Keeping it kawaii: thoughts on the culture of anime conventions

Written by Cheryl Cottrell-Smith

In the past year and a half, I’ve been to eight different comic, entertainment, or anime-related conventions. I’ve plain-clothed it at some and cosplayed at most. And the differences I’ve found between the comic cons and the anime cons are, while not entirely surprising, at the very least uniquely significant.

It isn’t just the age difference, which is a point to note right off the bat. At comic conventions, anything goes. You see children who are barely able to walk being dragged about by their parents. You see the elderly browsing the collectibles. And you see everything else in between. As someone in their late twenties, the crowd at an anime convention can throw you for a split second. It’s a more focused age group, ranging throughout the teens, with the occasional millennial, Gen X-er, and the odd middle-ager (often the parents of the younger con-goers).

Not that older people aren’t welcome at anime conventions, but either the majority of Edmonton-based anime fans are in their teens, or the older ones simply aren’t interested in attending conventions, choosing instead to enjoy their Japanese animation in the comfort of their own homes.

Image courtesy of Animethon and Benjamin Sim Photography

While the age demographic isn’t a particularly dividing issue, it does render anime conventions as more of a place to hang out, see and be seen, and spend time away from nagging mothers on the weekend. It fosters more of a chilled out environment in which attendees can spend time with their friends, people watching and comparing costumes—which, incidentally, is extremely easy to do because the percentage of people in cosplay at an anime con far outstrips its comic con counterpart (from what I’ve seen, at least). At the recent Animethon 22 event, it almost became a challenge to pick out the plain-clothed attendees—most of them were hiding in the gaming room or browsing the vendor area.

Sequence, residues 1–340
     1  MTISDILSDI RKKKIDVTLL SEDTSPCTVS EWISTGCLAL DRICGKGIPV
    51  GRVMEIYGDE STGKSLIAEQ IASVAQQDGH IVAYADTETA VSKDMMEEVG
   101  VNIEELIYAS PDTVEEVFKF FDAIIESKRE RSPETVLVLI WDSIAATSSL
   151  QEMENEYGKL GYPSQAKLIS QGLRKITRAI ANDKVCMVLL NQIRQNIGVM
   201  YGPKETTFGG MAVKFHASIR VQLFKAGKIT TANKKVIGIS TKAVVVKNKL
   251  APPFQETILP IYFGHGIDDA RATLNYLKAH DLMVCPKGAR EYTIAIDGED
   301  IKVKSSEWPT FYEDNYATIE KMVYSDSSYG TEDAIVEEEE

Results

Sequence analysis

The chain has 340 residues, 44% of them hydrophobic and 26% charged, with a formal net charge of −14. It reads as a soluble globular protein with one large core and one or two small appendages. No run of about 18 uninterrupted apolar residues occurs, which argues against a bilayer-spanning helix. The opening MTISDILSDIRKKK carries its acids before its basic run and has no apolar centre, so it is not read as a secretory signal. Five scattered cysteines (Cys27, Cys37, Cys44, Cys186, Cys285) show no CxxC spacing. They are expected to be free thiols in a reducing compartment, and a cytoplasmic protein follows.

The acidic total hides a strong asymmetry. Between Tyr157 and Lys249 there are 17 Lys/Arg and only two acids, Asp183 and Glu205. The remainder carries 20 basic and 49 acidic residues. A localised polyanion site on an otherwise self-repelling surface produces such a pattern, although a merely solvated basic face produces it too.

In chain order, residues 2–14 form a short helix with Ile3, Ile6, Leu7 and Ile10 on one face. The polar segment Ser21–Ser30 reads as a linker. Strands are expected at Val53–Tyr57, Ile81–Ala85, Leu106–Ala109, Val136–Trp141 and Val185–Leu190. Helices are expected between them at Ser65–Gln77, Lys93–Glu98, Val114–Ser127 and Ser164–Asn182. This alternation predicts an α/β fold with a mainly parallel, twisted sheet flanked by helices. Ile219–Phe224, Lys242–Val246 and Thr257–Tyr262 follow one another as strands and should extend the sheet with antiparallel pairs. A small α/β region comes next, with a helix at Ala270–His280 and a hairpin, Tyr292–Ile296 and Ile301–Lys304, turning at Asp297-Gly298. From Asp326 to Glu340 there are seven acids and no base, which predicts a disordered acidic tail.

Outside? On the grassy knoll of MacEwan’s 106 Street building? It’s the place to see, be seen, and get your picture taken. From simple and skimpy to elaborate and most definitely sweaty, costumes riddled the grass and, I’m sure, grabbed the attention of more than a few drivers and passers-by.

I’m the first to admit (and be proud of) the fact that cosplaying can be a fairly (OK, excessivey) narcissistic hobby. And yet, there seems to be less of a need to be seen at anime conventions than there is to see and meet up with friends.  I’ve seen plenty of cosplayers at comic conventions roaming the halls, moving slowly, letting everyone get a good look at their cosplay. And why not, since they work so hard on putting them together? But while there were a scant few of these at Animethon, the majority of people I saw were excited to be there, running after their friends, playing beach volleyball in an increasingly-large circle of people in the quad, and just having fun. There’s something so ridiculous and playful about watching an entire quad full of people yell Shia LeBeouf’s “JUST DO IT” at the man walking around touting a Toy Story alien plush toy and trying to sell his art. It’s almost surreal.

There’s also the issue of body positivity. No convention is perfect, but with such a high percentage of cosplayers, Animethon has a better handle on this than most. The majority of people are respectful to cosplayers of all shapes and sizes, probably because they are themselves a part of this community and understand the negativity that many plus-sized or transgender cosplayers sometimes face.  Since a comic convention like the Edmonton Expo attracts a much more varied crowd, from a whole range of fandoms, it can be really easy to see those people (you know the ones—they just don’t understand that respect doesn’t get put on hold in a convention atmosphere) who ridicule people they don’t think should be cosplaying. They’re openly hostile to people who don’t fit into their ideals of attractiveness. This appeared to be a minimal issue at Animethon and also at Otafest in Calgary earlier this year. That experience was very similar to Animethon, with everyone spending most of the time outside when it wasn’t raining, dancing and listening to music, and relaxing on the grass.

Image courtesy of Animethon and Benjamin Sim Photography

As much as I love the Edmonton and Calgary Expos, I believe that anyone even remotely invested in nerd and pop culture should experience the pure euphoria of an anime convention at least once. For the most part, the inclusivity is overwhelming. The excitement, particularly of the younger con-goers, is palpable. It fills the air and makes a hot summer day feel almost magical and overflowing with joy.

Or maybe it’s just that I can relate to these beautiful nerds. These people who might not be anyone’s definition of normal but who simply don’t care—who celebrate and rejoice in their uniqueness. While comic books and superheroes are rapidly becoming more mainstream, the public interest in anime is taking its time to grow. And even if it never catches up to the Avengers or Batman, I’ve no doubt in my mind that its supporters will continue to do as they do, celebrating their love for Japanese culture as much as they can and perfecting their peace sign selfies for all the world to see.

Cover photo: Vicky Lau (Vivid Vision) and Liui Aquino by Benjamin Sim Photography, courtesy of Animethon.

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